Sometimes a combination that seems unlikely (like churches and winemaking) results in a great outcome.
Consider the Men’s Club of Sacred Heart Church in Saratoga, California. An important activity is making wine from the church’s 280 grapevines. Award-winning wines. Through the 2012 vintage, the wines have won approximately 50 awards (some double gold) from competitions including the Orange County Fair, the Santa Clara County Fair, the Indiana State Fair, the U.S. Amateur Winemaking Competition and the Bottle Shock Open.
Steve Coates is the president of the club and said that the club and the church are a good fit. One goal of the winemaking is creating an additional incentive for men to be more attached to the church.
Workers on any of the several group work details are rewarded with a bottle of wine later on. There are other incentives as well. When it is time to get a crew together for maintenance and other chores likes netting, there are donuts.
When the winemaker, Paul Conrado, and the vineyard manager, Guy Leo, determine it is time to pick, the work follows a group breakfast for approximately 40. Bottling time, typically in April (18 months after harvest) is cause for a barbecue. Luckily there are approximately 60 members.
Guy Leo notes that although it is helpful to have a lot of willing labor available, pruning is reserved for a smaller group and group consensus is not the best way to make some critical decisions. He has an extensive background in orchards and agriculture and he takes responsibility for those decisions.
Similarly, Paul Conrado listens to the men’s club membership discuss future directions but relies on his years of making his own wine to determine timing, chemistry, and blending of the new wine.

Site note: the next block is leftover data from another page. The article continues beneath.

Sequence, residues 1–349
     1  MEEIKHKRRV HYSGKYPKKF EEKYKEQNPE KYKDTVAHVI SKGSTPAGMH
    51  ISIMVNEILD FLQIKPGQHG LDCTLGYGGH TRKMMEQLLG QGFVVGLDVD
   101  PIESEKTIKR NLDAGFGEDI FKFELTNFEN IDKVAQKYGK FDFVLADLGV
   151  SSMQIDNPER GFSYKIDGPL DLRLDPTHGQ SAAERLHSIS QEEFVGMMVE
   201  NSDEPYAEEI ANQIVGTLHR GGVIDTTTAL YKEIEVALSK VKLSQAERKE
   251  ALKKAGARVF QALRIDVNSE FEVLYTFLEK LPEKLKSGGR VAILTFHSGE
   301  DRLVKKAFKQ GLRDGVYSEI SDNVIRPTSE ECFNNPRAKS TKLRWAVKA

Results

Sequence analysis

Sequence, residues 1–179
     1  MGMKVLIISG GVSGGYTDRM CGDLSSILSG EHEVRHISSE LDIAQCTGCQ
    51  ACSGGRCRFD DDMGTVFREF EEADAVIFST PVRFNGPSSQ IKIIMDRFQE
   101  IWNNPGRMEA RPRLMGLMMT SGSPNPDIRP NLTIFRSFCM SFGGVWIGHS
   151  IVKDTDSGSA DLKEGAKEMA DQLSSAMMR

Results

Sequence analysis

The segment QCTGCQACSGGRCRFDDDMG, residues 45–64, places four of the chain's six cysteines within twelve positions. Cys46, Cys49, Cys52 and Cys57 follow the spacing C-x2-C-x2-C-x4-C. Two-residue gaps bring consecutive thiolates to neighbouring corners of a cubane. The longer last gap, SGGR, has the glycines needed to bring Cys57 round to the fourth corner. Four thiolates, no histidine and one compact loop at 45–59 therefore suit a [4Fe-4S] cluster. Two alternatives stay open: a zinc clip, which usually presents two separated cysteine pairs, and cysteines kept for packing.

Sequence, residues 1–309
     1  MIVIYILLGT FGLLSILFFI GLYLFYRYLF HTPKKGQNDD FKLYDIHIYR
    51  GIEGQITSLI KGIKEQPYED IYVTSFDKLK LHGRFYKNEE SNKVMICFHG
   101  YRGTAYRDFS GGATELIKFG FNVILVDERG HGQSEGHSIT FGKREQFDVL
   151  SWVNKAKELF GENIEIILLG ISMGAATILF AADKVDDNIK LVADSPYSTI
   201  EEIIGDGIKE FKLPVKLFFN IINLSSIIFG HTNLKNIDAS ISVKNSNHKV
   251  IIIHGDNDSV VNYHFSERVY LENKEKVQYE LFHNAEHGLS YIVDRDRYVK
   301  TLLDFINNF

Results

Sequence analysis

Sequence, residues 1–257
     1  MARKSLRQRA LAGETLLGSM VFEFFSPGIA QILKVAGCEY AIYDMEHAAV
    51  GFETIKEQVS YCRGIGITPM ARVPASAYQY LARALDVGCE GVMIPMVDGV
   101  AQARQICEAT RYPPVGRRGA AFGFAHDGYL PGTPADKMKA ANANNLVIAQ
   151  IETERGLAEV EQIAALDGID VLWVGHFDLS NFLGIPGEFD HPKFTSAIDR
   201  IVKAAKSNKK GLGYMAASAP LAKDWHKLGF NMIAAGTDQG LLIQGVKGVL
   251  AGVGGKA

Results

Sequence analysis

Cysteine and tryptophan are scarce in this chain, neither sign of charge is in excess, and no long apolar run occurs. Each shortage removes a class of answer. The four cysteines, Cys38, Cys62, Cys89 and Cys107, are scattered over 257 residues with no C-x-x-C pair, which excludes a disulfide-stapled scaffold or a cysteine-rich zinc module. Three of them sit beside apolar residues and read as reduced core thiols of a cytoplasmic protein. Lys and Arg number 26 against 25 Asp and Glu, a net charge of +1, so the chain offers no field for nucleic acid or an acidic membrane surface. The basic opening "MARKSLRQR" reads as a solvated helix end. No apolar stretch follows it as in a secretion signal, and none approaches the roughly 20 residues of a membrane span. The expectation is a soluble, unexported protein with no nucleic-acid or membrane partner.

Although the church has been active in the community for more than 100 years, the vineyard is relatively new, planted in 1997 with its first harvest in 1999.
The expenses are completely covered by dues and the wines don’t have any outside distribution.
Leo has determined the best trellis system for the vineyard uses cordon pruning with a low fruiting wire and higher catch wires to keep the vines orderly and maximize the sun exposure. Routine sprays with stylet oil take the place of harmful sprays but are critical to avoiding problems in the vineyard.
One year the vines produced approximately six barrels of wine — far too much — and now a more professional, disciplined approach can produce two or three barrels.
The wine is a blend of Merlot (the dominant grape,) Cabernet Franc, and Malbec, and when decanted, competes favorably with other wines using Bordeaux varieties – even for California where the standards are undeniably high. The church is located in the Santa Cruz AVA (American Viticultural Area.) Finished wine is aged in French oak barrels that are purchased new every few years.
Paul Conrado is proud of the product and has made his own wine for decades, sometimes giving bottles to customers of the home building company where he is CEO. He believes that a professional look and a good tasting wine inspires confidence his company’s services. In the same way, the club’s bottles have a slick look, informative back label, and custom corks.
Commenting on the men’s clubs wines, he suggested that in future he might consider a different aging schedule and racking the wine more often to see if that makes it even better.